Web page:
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updated 7/29/2004 6:28:16 PM ET 2004-07-29T22:28:16

Parmalat, the Italian dairy company that plunged into bankruptcy by massive accounting fraud, on Wednesday agreed to a sweeping overhaul of its corporate governance as part of a deal with U.S. regulators.

The deal will see Parmalat, once it emerges from reorganization, will implement a number of governance initiatives demanded by the latest stringent U.S. business rules. Some changes will go further than the rules mandate.

The Securities and Exchange Commission announced in turn that it had settled its lawsuit against Parmalat related to wrongdoing in the offering of more than $1 billion in bonds to investors in the United States.

Parmalat, without admitting or denying wrongdoing, as is usual in SEC cases, agreed to a permanent injunction against its committing future breaches of securities laws as well as to the governance plan.

People close to the Italian company confirmed that the deal had been negotiated with Enrico Bondi, the extraordinary administrator juggling the demands of creditors and regulators, and trying to help the company emerge from restructuring next year.

Major overhaul
Parmalat will have new bylaws after its reorganization that ensure that all its directors are elected by shareholders and that a majority are independent.

The board will have the duty to review and approve all strategic, industrial and financial plans of the company. It will also have to approve all transactions that could have a material effect on operations.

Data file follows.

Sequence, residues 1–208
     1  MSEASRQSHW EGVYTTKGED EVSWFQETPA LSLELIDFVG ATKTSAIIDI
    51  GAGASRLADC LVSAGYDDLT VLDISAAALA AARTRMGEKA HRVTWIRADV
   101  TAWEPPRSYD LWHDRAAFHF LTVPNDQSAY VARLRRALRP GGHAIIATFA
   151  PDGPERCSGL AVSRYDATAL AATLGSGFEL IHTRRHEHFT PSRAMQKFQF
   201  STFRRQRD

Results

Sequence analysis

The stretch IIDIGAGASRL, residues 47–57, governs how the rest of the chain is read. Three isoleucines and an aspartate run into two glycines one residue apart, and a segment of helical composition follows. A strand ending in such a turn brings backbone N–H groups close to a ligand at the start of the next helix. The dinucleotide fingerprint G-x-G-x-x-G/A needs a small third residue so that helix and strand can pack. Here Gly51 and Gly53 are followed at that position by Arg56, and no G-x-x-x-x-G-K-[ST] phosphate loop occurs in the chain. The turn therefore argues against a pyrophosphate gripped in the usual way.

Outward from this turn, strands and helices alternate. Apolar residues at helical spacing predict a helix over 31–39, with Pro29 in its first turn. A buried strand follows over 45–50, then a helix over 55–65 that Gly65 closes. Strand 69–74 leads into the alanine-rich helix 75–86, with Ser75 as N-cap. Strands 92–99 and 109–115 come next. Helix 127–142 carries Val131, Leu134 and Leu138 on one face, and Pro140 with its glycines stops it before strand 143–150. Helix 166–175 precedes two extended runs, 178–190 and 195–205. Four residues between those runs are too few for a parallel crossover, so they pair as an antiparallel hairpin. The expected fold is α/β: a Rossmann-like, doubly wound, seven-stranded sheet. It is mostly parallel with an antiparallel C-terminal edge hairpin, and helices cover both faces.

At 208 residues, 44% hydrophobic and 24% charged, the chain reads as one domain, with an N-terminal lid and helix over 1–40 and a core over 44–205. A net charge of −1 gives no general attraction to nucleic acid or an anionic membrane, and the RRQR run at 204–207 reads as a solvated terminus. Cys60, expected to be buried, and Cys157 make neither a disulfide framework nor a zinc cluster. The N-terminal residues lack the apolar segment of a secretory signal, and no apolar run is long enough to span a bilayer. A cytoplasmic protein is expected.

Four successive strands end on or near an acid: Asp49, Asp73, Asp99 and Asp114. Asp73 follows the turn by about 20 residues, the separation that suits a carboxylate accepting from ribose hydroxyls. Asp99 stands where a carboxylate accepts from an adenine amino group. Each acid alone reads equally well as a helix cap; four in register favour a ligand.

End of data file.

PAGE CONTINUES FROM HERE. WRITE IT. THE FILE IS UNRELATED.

The roles of chairman and chief executive will be split.

There will be a code of conduct for directors and an internal control and governance committee reporting at least twice a year to the board. And a code of ethics will be adopted.

Parmalat has agreed that without subpoena, but subject to some legal privilege, it will make its officers, employees and documents available for scrutiny on request.

Parmalat, the SEC said in an amended suit released along with the settlement on Wednesday, "engaged in one of the largest financial frauds in history" from at least 1997 to the end of 2003.

The SEC, which has oversight of Parmalat because its shares are listed in the United States and because it offered and sold debt securities in the United States, stressed that its investigation of fraud was continuing. It has not yet brought any cases against individuals.

© The Financial Times Ltd 2013. "FT" and "Financial Times" are trademarks of the Financial Times.

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